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  1. Liam P. Dempsey & Itay Shani (forthcoming). Three Misconceptions Concerning Strong Embodiment. Phenomenology and the Cognitive Sciences:1-23.
    The strong embodied mind thesis holds that the particular details of one’s embodiment shape the phenomenological and cognitive nature of one’s mind. On the face of it, this is an attractive thesis. Yet strong embodiment faces a number of challenges. In particular, there are three prominent misconceptions about the scope and nature of strong embodiment: 1) that it violates the supposed multiple realizability of mentality; 2) that it cannot accommodate mental representation; and 3) that it is inconsistent with the extended (...)
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  2. Liam P. Dempsey (2014). Newtonian Idealism: Matter, Perception, and the Divine Will. Southern Journal of Philosophy 52 (1):86-112.
    This paper investigates Isaac Newton's rather unique account of God's relation to matter. According to this account, corpuscles depend on a substantially omnipresent God endowing quantities of objective space with the qualities of shape, solidity, the unfaltering tendency to move in accord with certain laws, and—significantly—the power to interact with created minds. I argue that there are important similarities and differences between Newton's account of matter and Berkeley's idealism. And while the role played by the divine will might at first (...)
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  3. Liam P. Dempsey & Itay Shani (2013). Stressing the Flesh: In Defense of Strong Embodied Cognition. Philosophy and Phenomenological Research 86 (3):590-617.
    In a recent paper, Andy Clark (2008) has argued that the literature on embodied cognition reveals a tension between two prominent strands within this movement. On the one hand, there are those who endorse what Clark refers to as body-centrism, a view which emphasizes the special contribution made by the body to a creature’s mental life. Among other things, body centrism implies that significant differences in embodiment translate into significant differences in cognition and consciousness. On the other hand, there are (...)
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  4. Liam P. Dempsey (2012). Consciousness, Supervenience, and Identity: Marras and Kim on the Efficacy of Conscious Experience. Dialogue 51 (3):373-395.
    In this paper, I argue that while supervenience accounts of mental causation in general have difficulty avoiding epiphenomenalism, the situation is particularly bad in the case of conscious experiences since the function-realizer relation, arguably present in the case of intentional properties, does not obtain, and thus, the metaphysical link between supervenient and subvenient properties is absent. I contend, however, that the identification of experiential types with their neural correlates dispels the spectre epiphenomenalism, squares nicely both with the phenomenology of embodiment (...)
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  5. Liam P. Dempsey (2011). 'A Compound Wholly Mortal' : Locke and Newton on the Metaphysics of (Personal) Immortality. British Journal for the History of Philosophy 19 (2):241-264.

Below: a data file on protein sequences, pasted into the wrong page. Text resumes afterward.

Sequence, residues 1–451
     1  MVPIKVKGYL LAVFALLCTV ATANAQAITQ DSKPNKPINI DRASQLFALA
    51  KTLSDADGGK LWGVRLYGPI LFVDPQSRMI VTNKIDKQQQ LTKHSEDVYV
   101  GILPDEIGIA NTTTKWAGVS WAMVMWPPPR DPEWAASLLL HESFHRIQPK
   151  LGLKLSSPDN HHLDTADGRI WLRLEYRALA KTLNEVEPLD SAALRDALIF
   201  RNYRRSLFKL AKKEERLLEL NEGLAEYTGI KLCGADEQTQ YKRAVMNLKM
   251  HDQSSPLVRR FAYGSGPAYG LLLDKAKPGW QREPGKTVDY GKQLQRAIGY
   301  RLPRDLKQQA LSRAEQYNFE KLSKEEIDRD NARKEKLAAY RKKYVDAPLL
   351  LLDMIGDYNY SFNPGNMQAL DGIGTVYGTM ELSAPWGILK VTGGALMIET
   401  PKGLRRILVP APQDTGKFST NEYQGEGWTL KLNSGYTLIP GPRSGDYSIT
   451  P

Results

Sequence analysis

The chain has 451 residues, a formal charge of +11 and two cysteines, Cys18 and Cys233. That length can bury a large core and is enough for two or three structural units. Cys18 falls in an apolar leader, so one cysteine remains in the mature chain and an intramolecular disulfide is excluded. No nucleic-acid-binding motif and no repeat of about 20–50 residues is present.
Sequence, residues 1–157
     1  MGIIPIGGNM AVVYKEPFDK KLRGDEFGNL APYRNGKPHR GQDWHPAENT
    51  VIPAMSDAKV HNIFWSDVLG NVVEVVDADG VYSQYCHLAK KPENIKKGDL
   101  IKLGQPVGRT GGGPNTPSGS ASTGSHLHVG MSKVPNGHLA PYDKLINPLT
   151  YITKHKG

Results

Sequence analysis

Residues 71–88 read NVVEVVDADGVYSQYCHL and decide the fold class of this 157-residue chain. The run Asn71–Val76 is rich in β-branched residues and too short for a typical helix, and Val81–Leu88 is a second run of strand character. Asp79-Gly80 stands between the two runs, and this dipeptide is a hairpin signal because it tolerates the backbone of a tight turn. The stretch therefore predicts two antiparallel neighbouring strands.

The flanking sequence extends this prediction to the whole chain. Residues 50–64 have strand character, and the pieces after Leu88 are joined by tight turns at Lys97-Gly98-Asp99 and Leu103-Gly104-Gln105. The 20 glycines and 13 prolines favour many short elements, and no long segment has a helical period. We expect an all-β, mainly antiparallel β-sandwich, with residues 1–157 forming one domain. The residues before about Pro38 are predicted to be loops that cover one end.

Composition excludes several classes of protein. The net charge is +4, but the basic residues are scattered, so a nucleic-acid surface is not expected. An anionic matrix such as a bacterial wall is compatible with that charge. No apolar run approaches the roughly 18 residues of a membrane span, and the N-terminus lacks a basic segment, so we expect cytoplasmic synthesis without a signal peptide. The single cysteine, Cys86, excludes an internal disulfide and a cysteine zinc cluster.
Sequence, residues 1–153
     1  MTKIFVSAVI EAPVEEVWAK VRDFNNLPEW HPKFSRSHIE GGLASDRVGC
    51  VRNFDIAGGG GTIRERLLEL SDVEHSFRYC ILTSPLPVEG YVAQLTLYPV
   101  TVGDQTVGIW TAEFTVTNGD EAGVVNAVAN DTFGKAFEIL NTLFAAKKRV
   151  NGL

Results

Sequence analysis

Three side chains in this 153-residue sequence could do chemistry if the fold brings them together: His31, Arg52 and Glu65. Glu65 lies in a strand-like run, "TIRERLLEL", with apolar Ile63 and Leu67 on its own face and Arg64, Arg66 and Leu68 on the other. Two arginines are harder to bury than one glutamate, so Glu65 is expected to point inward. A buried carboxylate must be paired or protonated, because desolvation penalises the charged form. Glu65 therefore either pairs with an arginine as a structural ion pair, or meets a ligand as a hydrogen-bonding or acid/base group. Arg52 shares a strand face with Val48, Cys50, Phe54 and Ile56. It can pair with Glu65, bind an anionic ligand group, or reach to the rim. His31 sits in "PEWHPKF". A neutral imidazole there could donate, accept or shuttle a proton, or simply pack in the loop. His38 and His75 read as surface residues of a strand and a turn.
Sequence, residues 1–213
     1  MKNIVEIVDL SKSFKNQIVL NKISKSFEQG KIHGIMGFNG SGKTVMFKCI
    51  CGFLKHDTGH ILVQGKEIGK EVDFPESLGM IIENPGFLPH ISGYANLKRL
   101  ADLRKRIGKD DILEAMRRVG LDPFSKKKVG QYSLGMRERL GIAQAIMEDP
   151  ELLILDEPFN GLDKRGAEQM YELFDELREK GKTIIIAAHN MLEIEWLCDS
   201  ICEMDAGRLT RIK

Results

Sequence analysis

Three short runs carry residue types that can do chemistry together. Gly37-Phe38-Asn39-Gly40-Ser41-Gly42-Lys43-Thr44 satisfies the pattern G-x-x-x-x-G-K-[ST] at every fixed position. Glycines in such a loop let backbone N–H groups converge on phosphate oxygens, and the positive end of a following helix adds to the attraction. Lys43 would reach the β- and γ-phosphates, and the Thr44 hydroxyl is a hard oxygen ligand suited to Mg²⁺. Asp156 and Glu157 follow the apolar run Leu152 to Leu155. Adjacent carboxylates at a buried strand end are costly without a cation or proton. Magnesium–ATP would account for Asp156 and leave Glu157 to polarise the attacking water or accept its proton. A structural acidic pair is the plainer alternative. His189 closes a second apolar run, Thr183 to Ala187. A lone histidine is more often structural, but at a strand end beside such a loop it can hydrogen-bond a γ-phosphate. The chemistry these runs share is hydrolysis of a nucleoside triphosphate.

In this paper I consider a cluster of positions which depart from the immortalist and dualist anthropologies of Rene Descartes and Henry More. In particular, I argue that John Locke and Isaac Newton are attracted to a monistic mind-body metaphysics, which while resisting neat characterization, occupies a conceptual space distinct from the dualism of the immortalists, on the one hand, and thoroughgoing materialism of Thomas Hobbes, on the other. They propound a sort of property monism: mind and body are distinct, (...)
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  6. Liam P. Dempsey (2010). Alexander Batthyany and Avshalom Elitzur, Eds. Mind and its Place in the World: Non-Reductionist Approaches to the Ontology of Consciousness Reviewed By. Philosophy in Review 28 (4):240-243.
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  7. Liam P. Dempsey (2010). Roger Woolhouse, Locke: A Biography Reviewed By. Philosophy in Review 29 (4):301-304.
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  8. Liam P. Dempsey (2009). Roger Woolhouse, Locke: A Biography. Philosophy in Review 29 (4):301.
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  9. Liam P. Dempsey (2009). Thinking-Matter Then and Now: The Evolution of Mind-Body Dualism. History of Philosophy Quarterly 26 (1):43 - 61.
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  10. Liam P. Dempsey (2004). Conscious Experience, Reduction and Identity: Many Explanatory Gaps, One Solution. Philosophical Psychology 17 (2):225-245.
    This paper considers the so?called explanatory gap between brain activity and conscious experience. A number of different, though closely related, explanatory gaps are distinguished and a monistic account of conscious experience, a version of Herbert Feigl's ?dual?access theory,? is advocated as a solution to the problems they are taken to pose for physicalist accounts of mind. Although dual?access theory is a version of the mind?body identity thesis, it in no way ?eliminates? conscious experience; rather, it provides a parsimonious and explanatorily (...)
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